Learn about the opioid overdose epidemic and how you can respond in your community. The Center for Opioid Safety Education Program at the University of Washington Alcohol and Drug Abuse Institute provides information on overdose education, naloxone, and getting help at stopoverdose.org.
A section for professionals including drug court, first responders, health care providers, pharmacists, and treatment providers has clinical guidelines and resources for prevention and education.
Watch the informative training videos here for a great overview of overdose prevention and interventions at Training videos.
Communities That Care (CTC) employs a proven, community-change process for reducing youth violence, alcohol & tobacco use, and delinquency – through tested & effective programs and policies…
CTC uses prevention science to promote healthy youth development. We guide local coalitions through a tested 5-phase process.CTC fosters young people’s well-being using a Social Development Strategy that promotes opportunities, skills, and recognition.
Kids spend more time at school than anywhere outside their homes, making schools where we have the greatest chance of improving kids’ health trajectory through physical, social and emotional development.
Read the article from the Robert Wood Johnson Culture of Health blog:
Heroin and Prescription Opiate Taskforce Community Meeting:
A free community conversation on heroin and prescription opiate overdose and addiction on May 31st in Renton, sponsored by the King County Heroin & Prescription Opiate Addiction Task Force (formerly MHCADSD). This is a public event and your voice is needed!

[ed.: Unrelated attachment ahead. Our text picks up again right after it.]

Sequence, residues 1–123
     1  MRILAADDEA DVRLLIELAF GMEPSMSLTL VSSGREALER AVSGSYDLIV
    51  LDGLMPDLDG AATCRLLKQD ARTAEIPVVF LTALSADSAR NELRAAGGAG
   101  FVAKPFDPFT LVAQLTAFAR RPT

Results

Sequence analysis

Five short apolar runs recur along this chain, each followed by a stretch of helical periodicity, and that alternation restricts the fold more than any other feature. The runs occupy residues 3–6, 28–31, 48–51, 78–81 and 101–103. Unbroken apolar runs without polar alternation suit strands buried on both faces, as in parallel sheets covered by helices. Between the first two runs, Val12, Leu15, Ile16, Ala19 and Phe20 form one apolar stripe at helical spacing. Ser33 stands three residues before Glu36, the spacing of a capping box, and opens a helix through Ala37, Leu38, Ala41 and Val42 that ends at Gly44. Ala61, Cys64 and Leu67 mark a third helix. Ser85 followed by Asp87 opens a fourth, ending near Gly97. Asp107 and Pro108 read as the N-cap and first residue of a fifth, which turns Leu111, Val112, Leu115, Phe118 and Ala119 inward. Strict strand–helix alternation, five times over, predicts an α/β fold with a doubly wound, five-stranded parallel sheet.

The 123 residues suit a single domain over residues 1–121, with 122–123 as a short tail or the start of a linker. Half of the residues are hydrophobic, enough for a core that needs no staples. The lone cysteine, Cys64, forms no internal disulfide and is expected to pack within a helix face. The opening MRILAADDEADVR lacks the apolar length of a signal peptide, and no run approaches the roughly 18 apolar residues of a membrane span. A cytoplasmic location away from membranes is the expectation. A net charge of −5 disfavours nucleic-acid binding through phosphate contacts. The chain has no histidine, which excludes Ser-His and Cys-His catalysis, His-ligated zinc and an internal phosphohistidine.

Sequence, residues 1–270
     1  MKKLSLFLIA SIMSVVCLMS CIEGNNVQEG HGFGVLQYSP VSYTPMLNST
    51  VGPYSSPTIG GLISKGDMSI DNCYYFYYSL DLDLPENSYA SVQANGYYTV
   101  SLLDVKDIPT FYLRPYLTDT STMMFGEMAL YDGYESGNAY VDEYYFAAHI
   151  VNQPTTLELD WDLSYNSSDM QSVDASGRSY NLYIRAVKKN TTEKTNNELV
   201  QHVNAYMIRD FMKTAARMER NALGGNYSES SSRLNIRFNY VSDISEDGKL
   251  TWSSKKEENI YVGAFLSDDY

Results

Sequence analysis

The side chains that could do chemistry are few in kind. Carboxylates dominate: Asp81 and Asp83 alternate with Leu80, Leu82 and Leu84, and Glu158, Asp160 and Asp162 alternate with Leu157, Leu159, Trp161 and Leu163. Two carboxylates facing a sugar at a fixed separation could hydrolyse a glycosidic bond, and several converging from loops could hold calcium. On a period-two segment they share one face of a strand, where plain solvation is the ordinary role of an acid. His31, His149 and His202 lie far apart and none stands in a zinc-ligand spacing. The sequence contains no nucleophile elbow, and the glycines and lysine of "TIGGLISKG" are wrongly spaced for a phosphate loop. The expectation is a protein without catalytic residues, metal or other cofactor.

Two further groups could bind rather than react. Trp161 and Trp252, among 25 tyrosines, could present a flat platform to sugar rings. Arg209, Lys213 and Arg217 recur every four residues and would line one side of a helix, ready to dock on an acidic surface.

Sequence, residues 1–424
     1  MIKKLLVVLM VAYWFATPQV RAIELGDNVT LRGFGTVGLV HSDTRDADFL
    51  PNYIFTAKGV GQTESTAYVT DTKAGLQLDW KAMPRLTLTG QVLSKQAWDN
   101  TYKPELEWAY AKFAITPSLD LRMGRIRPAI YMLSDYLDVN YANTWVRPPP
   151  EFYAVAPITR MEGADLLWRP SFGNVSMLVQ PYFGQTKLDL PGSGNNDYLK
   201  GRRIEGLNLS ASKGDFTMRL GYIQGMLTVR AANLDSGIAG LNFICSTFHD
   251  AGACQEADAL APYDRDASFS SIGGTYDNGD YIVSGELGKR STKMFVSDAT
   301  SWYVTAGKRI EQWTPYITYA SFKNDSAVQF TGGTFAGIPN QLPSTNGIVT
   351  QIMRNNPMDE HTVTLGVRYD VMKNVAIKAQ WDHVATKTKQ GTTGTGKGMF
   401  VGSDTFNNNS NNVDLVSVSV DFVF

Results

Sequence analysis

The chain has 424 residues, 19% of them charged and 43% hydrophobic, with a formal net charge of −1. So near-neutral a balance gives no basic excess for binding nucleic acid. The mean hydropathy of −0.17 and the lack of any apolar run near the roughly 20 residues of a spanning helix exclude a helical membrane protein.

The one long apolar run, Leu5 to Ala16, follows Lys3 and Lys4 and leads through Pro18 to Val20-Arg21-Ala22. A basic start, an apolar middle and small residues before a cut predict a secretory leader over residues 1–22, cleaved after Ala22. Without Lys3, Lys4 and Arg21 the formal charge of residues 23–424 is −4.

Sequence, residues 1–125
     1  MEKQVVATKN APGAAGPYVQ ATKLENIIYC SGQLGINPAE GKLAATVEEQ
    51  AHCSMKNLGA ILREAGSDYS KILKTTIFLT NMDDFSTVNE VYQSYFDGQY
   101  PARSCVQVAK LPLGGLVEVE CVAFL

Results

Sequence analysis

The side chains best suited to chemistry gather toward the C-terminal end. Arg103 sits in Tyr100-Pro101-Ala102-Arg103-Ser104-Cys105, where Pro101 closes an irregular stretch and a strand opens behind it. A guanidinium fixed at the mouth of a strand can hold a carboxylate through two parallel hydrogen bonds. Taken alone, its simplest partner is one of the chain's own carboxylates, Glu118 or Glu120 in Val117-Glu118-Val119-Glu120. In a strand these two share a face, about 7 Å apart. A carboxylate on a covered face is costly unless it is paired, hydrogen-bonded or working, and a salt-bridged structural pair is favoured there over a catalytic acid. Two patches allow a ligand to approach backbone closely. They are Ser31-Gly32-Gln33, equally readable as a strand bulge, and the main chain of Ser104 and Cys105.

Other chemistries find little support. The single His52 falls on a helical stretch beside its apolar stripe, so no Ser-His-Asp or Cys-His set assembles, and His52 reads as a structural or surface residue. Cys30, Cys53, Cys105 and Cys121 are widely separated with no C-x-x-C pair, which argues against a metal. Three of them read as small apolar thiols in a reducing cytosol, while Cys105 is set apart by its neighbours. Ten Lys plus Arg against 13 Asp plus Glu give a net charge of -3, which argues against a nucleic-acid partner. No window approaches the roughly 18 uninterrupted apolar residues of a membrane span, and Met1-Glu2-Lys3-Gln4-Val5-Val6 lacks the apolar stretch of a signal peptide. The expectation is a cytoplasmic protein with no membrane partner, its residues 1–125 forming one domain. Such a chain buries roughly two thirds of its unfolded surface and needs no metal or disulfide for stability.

The National Action Alliance for Suicide Prevention Responds to New CDC Report
Increase in Suicide in the United States, 1999-2014 According to a joint statement prepared by partners of the National Action Alliance for Suicide Prevention, data in the new CDC report underscores why suicide prevention must remain a national public health priority. Read the statement for more from the Action Alliance
TheWashington Kindergarten Inventory of Developing Skills (WaKIDS)is a transition process that helps to ensure a successful start to the K-12 experience and connect the key adults in a child’s life.
Three Components of WaKIDS
Family connectionwelcomes families into the Washington K-12 system as partners in their child’s education.
Whole-child assessmenthelps kindergarten teachers learn about the skills and strengths of the children in their classrooms so they can meet the needs of each child.
Early learning collaborationaligns practices of early learning professionals and kindergarten teachers to support smooth transitions for children.
WaKIDS isn’t a “test.” Kindergarten teachers observe children during everyday classroom activities. This helps teachers find out what each child knows and can do at the beginning of the school year. Knowing more about children’s entering skills and strengths helps teachers and parents work together to support student growth in the kindergarten year.
Before October 31, teachers take an inventory of each child’s developing skills in six areas:
Parents who wish to excuse their children from participating in this inventory should notify their building principal in writing during the first week of school, or as soon as possible thereafter.
The state is phasing in WaKIDS in all state-funded, full-day kindergarten classrooms. Public schools that have not yet received state funding for full-day kindergarten may volunteer to participate, as well.
What is WaKIDS? (PDF)English|Spanish– a one-page document that provides an overview of this program.